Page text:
Doctors Perform First Quadruple Limb Transplant
Ileana Llorens | February 25, 2012
Doctors in Turkey performed what is thought to be the world’s first quadruple limb transplant.
Sevket Cavdar, 27, received a pair of arms and legs after a team of about 50 doctors at a university hospital in Ankara attached the limbs during a 20 hour surgery, the Associated Press reports.
The man lost his limbs during an electric shock incident in 1998, according to the the Hurriyet Daily News.
The news service also reports the limbs were taken from a 40-year-old patient who was pronounced brain dead days after being involved in an accident. The family decided to donate the organs.
Doctors did not report on Cavdar’s condition, but said they remain optimistic for now.
“We have good results but maybe we will lose all of the limbs,” Serdar Nasir, a surgeon, told Sky News. “Maybe (we’ll) lose only one or two, we have to wait, but I think for now we have good results.”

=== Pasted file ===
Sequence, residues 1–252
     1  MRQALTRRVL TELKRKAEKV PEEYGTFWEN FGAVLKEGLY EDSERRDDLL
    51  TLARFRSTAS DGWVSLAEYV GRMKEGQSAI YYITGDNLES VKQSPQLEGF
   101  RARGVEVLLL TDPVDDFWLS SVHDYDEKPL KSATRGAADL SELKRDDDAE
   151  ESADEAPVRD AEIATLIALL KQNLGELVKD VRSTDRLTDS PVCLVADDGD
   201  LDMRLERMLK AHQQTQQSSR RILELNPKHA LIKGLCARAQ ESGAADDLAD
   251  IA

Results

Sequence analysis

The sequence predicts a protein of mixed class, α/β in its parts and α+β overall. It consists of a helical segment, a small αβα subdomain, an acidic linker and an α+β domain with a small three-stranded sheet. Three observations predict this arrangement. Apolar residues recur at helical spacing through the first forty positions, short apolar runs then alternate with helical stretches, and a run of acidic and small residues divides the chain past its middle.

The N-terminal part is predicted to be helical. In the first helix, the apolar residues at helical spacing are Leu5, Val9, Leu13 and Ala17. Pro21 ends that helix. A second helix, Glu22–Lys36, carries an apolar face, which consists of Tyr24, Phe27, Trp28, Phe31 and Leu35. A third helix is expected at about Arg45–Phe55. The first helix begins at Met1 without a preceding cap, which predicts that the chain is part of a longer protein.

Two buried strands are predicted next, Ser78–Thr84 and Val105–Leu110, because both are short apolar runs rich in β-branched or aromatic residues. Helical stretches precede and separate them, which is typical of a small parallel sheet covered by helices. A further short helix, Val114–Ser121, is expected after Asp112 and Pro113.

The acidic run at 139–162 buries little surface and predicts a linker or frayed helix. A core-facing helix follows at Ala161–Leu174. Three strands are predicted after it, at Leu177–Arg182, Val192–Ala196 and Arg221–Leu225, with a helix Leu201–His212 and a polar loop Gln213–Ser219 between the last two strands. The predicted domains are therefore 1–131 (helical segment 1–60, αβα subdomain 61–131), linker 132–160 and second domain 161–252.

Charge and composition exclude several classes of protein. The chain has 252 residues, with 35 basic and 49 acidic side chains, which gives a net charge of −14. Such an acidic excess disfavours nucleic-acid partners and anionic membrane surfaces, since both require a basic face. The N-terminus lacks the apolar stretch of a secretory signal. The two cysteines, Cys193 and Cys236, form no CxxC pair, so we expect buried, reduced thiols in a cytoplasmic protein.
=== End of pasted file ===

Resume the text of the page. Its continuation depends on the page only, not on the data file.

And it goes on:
The patient will still need to be monitored closely.
“The blood and plasma defusion are still continuing for our patient to overcome the critical next 24 hours,” professor Murat Tuncer said, according to the AFP.
Cengiz Gur, a 25-year-old patient, whose face was damaged during an explosion, received the donor’s face during a separate surgery on Feb. 24, the Harriyet Daily News reports.
Doctors at another Turkey hospital previously attempted a triple limb transplant, the Associated Press reports. They later had to remove a leg “due to tissue incompatibility.”